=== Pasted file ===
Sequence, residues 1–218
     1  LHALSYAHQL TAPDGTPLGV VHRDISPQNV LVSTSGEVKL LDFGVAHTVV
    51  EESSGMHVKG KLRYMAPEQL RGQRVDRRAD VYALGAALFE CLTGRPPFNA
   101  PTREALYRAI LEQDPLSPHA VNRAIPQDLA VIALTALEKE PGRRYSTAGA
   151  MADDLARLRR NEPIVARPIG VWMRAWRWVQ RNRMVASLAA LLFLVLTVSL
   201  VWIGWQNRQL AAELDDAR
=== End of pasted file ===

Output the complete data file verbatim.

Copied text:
Sequence, residues 1–218
     1  LHALSYAHQL TAPDGTPLGV VHRDISPQNV LVSTSGEVKL LDFGVAHTVV
    51  EESSGMHVKG KLRYMAPEQL RGQRVDRRAD VYALGAALFE CLTGRPPFNA
   101  PTREALYRAI LEQDPLSPHA VNRAIPQDLA VIALTALEKE PGRRYSTAGA
   151  MADDLARLRR NEPIVARPIG VWMRAWRWVQ RNRMVASLAA LLFLVLTVSL
   201  VWIGWQNRQL AAELDDAR